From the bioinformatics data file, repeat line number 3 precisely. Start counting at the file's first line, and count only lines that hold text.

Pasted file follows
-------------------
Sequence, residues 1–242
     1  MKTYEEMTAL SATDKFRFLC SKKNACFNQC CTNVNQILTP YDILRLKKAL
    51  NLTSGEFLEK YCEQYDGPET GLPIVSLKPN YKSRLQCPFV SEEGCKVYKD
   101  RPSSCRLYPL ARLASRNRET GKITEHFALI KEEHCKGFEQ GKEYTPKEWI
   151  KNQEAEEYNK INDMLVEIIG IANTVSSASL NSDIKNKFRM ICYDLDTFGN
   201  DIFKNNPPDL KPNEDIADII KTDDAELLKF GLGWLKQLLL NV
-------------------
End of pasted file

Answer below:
    51  NLTSGEFLEK YCEQYDGPET GLPIVSLKPN YKSRLQCPFV SEEGCKVYKD